A week ago I woke up to a text from my friend, a fellow Glentoran supporter telling me that the club were being threatened with administration. We all know the Glens have debt but news like that still leaves you with that awful punched in the stomach feeling. It’s the kind of news every football fan dreads. I haven’t written anything about it until now, probably because the thought of what could happen to our club if we do go into administration is too horrible to consider.
Formed in 1882 Glentoran is one of the oldest clubs on the island of Ireland. Glentoran football club is steeped in a rich and wonderful history, it’s knitted into the fabric of East Belfast. As important to the East as the Shipyard, Shorts, Geordie Best, Van Morrison, Billy Bingham and the Blanchflower brothers. The Oval stands proudly as part of East Belfast’s iconic skyline along with the Samson and Goliath cranes of the Harland and Wolff Shipyard where so many generations of Glenmen earned a wage building some of the finest ships ever to set sail. The Shipyard has near enough fallen silent along with the Ropeworks, once such a big part of East Belfast. And now Glentoran FC, the Pride of East Belfast, is under threat.
The thought of losing Glentoran Football Club doesn’t bear thinking about. The club has been the source of so much joy, and heartache, for generations of people from East Belfast and further afield. Too many people in Northern Ireland dismiss the Irish League without giving it a chance, prefering the glamour of the English Premiership or La Liga. Well frig that! Give me a Saturday standing on a terrace in Dungannon, Coleraine or Newry or a midweek trip to Portadown or Ballymena any day over having to sit where you’re told in a stadium with no character watching a load of overpaid egotisical brats, Wayne Rooney I mean you.
When I’m home from University, and usually it’s a trip home to watch the Glens, I sometimes walk the 15 minutes from my house down to the Oval, a walk I took every other week before I could drive. When you reach the bottom of the Belmont Road over the roofs of the terrace houses packed into the streets off Pim’s Avenue the huge green structure of the Oval’s main stand comes into sight, the towering cranes of Harland and Wolff just a bit further away. This is when the excitement starts to mount. On down Pim’s Avenue, passing a blueman who never seems to go to games but just stands ready to dish out abuse to passing Glens fans, and on to Connsbrook Avenue before turning on to Parkgate Avenue and Mersey Street. Glens fans come pouring out of the streets that surround Mersey Street, over the bridge and the songs being blasted out over the tannoy can be heard. A right turn past the church into Parkgate Drive and there it is, the Oval, red, green and black, towering over the surrounding houses and the old Mersey Street Primary School, chitter chatter from the fans making their way down the street and the clink of the turnstyles, the familiar and friendly face of Robert Hill, who sadly passed away last month, with his wee tin collecting for the Cedar Foundation. Beyond the turnstyles and over the music the programme sellers can be heard shouting “programme ‘o the match” in thick Belfast accents, the familiar voice of Gil comes over the tannoy to announce the teams. Taking my seat in the upper deck of the Main stand or on the terrace of the Sydenham end for the teams running out there is always a surge of pride. It may sound cheesy but it’s like home. The banter flows freely, hearts are frequently in mouths at close calls, the abuse at opposition players and managers knows no bounds and when the Glens score the sheer unadultered joy is a feeling that would be worth millions if it could be bottled.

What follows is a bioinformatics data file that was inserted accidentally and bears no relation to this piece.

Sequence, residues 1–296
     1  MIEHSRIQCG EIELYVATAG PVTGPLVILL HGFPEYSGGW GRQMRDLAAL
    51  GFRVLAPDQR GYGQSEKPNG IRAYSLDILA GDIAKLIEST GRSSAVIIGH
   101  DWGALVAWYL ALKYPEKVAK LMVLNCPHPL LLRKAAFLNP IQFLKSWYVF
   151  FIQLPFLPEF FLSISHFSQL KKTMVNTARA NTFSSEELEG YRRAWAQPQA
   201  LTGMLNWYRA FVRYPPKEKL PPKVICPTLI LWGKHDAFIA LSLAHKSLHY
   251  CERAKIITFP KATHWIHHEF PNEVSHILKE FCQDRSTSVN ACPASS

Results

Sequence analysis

Glentoran Fc have given me some of my best memories, I’m sure other fans will agree. Boxing Day 2007, live on Sky Sports, Michael Halliday popped up with the winner against Linfield at the Oval. Best birthday present ever! I was sat in the family stand with friends and will never forget Leeper and Nicky running towards us roaring in celebration, fists clenched and arms raised in victory at the sound of the final whistle. Another win over the Blues, Morgan Day, 23rd April 2005, who could forgot that game, the injury time winner and going on to lift the Gibson Cup at Seaview the week after. The 08/09 season which saw the title race go right to the wire with the Glens winning the last game of the season against Cliftonville at the Oval to claim the Gibson Cup again. The Oval was packed that day and I remember arriving to find the queue at the turnstyles stretching the length Parkgate Drive and up Mersey Street. The excitement and anticapation that day could be felt throughout East Belfast. Just about the only proper father daughter time I’ve spent with my dad has been watching the Glens. Trips to watch pre season friendlies against the likes of Killymoon Rangers. With him being born in Lurgan and having watched Glenavon as a boy before moving to the Holylands in south Belfast I’ve dragged him along to a few Glentoran v Glenavon games and I love it, just as thousands of kids have enjoyed watching the Glens their old man. The cross border trips to watch the Glens compete in the Setanta Cup have also provided some great memories. Drogheda away in the semi final in 2008 on a week night, we won that game to go through and play Cork in the Final in Cork, another great trip despite the result. Of course there’s also the Irish Cup Final days, these are always that extra bit special, remember the 1996 Cup Final and Glen Little’s winning goal? And Michael Halliday’s winning goals against Linfield in 2001 and Coleraine in 2004.One of my best memories came in 2007. It’s been a pleasure to witness some great games of football at the Oval and around the country in my 22 years. As part of Paul Leeman’s Testimonial year I played in one of the ‘Live your Dream’ games. I can honestly tell you that if I had of died the next day I would have died happy! To play alongside Leeman and John Devine and against Jim Cleary at the Oval where so many legends, not just of the Irish League but of International football, have played was unbelievable.